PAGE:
From the Vice Presidents
Pathogens of the Caribbean: The Prequel
As this is my last column as an AHA vice president, it is high time I performed a public service. Here it is. Historians, look at the fine print before you sign.
One afternoon while I was struggling to grade midterm exams in my office, the phone rang. “Rob Bucks” (I use a pseudonym not to protect the innocent, but to protect me from the wrath of a militantly litigious desperado) introduced himself in staccato sentences. He said he was a Hollywood producer and wanted to “make a major motion picture out of Mosquito Empires.” We historians often joke about the movie rights to our books, but Rob Bucks’s ambition struck me as among the most implausible things an adult had ever said to me, as it concerned a book I had recently published that deals with yellow fever and malaria in Caribbean history, and is chockablock with depressing stories of masses of nameless people suffering and dying young in doomed settlement schemes and military operations. So I asked Rob Bucks if he had read my book. He responded with practiced evasion: “I love history. I read history all the time.”
After he offered further assurances of his deep interest in my work, I asked him if he was aware that there was nothing resembling romance in my book, and the only intimations of sex involved obscure species of mosquitoes. He was undeterred and replied, in his characteristically familiar way, as if we had been friends since grade school, “John, John, I can help you with that.” He invited me to write a “skeleton screenplay, 100 scenes for 100 minutes that will fire up the brains of a billion teenagers around the world.” I felt both flattered and bewildered, and told him I would think about it and get back to him. Riding my bike home that evening I did some mental arithmetic and estimated that indeed there are nearly a billion teenagers in the world. I also settled on a title for my major motion picture: Pathogens of the Caribbean. Should I ask for a percentage of the gross, or take a lump sum? Could we get Johnny Depp to play a lethal virus?
Douglas Fairbanks in The Black Pirate (1926).
In a world where buccaneering movie producers would mercilessly plunder the intellectual property of historians, luck, sloth, and timidity proved more helpful than swordplay against Hollywood’s predatory promises.
At dinner I told this story to the teenagers I know best. They reflexively performed Internet research and ascertained that Rob Bucks had indeed produced some movies, including one that featured actors known to all my kids. His most recent effort, however, had flopped ignominiously. But my teenagers’ brains were all fired up, eager to see my book translated to the silver screen, perhaps with roles for them, if only as extras.
As happens so often, I disappointed them. After brief reflection, I concluded I did not know how to write a screenplay, skeletal or fleshy, and would do it badly if I tried. Seemingly endless streams of student essays called out for my attention, and various editors were waiting—patiently and impatiently—for me to deliver essays of my own.
Two weeks after passing on this opportunity of a lifetime, I had dinner with another historian (“Professor Jones,” to protect the innocent), who had given a talk on my campus about his latest, much-admired book. I began to regale him with the story you have just read, but did not get far before he interrupted and said, “Wait, it’s not Rob Bucks, is it?” I soon learned from Professor Jones that my book and I were not alone in meriting a phone call from the movie producer. My friend had received the same pitch, not long before his book appeared, but unlike me, he had followed through, made a deal, and written up something for Rob Bucks. Then, when the book came out, Jones continued, Rob Bucks sued him for some version of infringement upon intellectual property.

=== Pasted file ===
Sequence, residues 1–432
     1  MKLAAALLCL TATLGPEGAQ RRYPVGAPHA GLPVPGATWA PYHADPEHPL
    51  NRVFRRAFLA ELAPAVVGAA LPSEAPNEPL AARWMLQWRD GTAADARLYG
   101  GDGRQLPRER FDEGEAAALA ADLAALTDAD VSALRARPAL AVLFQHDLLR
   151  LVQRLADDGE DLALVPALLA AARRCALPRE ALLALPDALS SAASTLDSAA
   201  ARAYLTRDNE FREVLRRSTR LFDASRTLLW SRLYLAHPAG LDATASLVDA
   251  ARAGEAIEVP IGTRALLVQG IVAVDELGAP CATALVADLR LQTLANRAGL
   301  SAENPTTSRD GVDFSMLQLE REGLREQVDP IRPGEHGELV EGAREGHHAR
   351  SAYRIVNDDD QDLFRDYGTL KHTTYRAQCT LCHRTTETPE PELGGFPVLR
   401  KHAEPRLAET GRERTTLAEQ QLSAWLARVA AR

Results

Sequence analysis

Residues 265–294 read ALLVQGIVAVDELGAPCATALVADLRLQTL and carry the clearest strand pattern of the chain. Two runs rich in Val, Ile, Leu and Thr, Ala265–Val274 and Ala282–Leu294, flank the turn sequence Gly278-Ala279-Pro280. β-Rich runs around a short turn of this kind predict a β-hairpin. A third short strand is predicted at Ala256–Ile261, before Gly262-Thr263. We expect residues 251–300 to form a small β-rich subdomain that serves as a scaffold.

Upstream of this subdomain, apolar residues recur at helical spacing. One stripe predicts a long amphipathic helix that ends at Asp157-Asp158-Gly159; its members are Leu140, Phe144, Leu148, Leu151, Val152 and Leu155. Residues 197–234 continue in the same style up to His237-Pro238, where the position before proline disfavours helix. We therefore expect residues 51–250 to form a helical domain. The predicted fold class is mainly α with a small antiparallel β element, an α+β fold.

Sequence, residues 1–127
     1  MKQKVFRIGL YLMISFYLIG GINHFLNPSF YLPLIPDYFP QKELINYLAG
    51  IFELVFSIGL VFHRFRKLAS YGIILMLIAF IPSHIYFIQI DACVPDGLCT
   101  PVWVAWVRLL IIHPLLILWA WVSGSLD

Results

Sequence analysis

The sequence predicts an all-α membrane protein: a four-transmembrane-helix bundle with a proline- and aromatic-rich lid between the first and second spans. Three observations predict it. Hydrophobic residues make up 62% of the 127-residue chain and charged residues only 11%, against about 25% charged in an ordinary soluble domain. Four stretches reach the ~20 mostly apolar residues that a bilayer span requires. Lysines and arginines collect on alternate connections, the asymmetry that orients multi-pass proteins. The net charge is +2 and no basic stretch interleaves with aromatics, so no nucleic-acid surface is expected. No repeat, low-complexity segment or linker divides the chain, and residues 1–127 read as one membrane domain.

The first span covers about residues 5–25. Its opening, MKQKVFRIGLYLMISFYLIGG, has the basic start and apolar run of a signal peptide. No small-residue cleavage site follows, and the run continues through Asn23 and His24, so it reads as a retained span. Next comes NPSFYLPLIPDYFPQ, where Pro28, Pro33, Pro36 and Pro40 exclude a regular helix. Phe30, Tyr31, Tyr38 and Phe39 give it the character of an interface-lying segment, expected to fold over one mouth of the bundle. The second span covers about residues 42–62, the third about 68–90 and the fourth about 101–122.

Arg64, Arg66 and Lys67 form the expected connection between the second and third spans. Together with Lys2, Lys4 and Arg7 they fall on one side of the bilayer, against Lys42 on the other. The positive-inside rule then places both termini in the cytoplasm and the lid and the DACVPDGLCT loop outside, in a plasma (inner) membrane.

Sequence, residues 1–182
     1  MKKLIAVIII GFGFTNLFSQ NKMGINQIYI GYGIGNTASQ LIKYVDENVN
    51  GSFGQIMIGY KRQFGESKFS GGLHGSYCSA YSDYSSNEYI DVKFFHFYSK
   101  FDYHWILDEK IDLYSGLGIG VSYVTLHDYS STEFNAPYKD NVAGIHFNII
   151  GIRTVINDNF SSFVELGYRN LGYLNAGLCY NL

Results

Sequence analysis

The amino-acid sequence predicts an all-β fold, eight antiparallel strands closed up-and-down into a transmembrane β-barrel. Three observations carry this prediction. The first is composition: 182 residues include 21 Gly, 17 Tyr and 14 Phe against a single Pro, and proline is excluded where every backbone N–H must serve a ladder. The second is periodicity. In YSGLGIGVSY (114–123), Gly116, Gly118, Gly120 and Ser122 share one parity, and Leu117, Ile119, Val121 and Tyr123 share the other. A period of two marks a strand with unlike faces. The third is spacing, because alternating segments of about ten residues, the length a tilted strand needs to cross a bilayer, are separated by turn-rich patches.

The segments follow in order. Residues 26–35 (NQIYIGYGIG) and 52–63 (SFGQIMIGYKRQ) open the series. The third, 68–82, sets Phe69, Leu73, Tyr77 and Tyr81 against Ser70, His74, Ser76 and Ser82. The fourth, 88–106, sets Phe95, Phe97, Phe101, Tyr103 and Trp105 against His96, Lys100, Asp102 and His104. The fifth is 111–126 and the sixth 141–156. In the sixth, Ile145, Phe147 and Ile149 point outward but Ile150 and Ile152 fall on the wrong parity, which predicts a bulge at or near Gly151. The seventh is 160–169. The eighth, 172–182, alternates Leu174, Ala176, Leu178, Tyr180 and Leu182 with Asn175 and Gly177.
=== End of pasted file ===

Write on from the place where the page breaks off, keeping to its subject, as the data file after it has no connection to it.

I was more alarmed than Professor Jones, who told me his agent was handling the matter. He seemed miraculously unruffled, while I tried to imagine what I would do if sued for publishing my own book. Through a combination of laziness and reflexive devotion to routine duties, I had unknowingly dodged a legal bullet that would have hit me hard, with no agent to absorb the impact for me.
When I look back on the affair, I marvel at Rob Bucks’s business model. Only a desperate man out of good ideas (indeed, out of moderately bad ideas) would hatch a plan to recoup his fortunes by suing academic historians. In the annals of American entrepreneurship, this must rank among the least promising schemes ever concocted. For a movie producer, presumably accustomed to deals involving millions of dollars, this was passing strange. He could sue the entire membership of the AHA, win all his suits, and still walk away with only chump change. In the process, however, Rob Bucks could financially ruin almost any historian who signed a contract that, buried in the fine print, turned over some form of intellectual property rights to the producer. Perhaps historians were only the tip of Rob Bucks’s iceberg, and he was also trying to induce academic economists and engineers into movie deals. That might be more lucrative, if any could be found who thought their latest paper would make a great movie.
So, my fellow historians, if the phone rings and your caller claims to be a movie producer, beware. If you want to see your book as a major motion picture (and who doesn’t?), read the fine print before signing your deal. Or get an agent first.
J. R. McNeill is the AHA’s vice president, Research Division.
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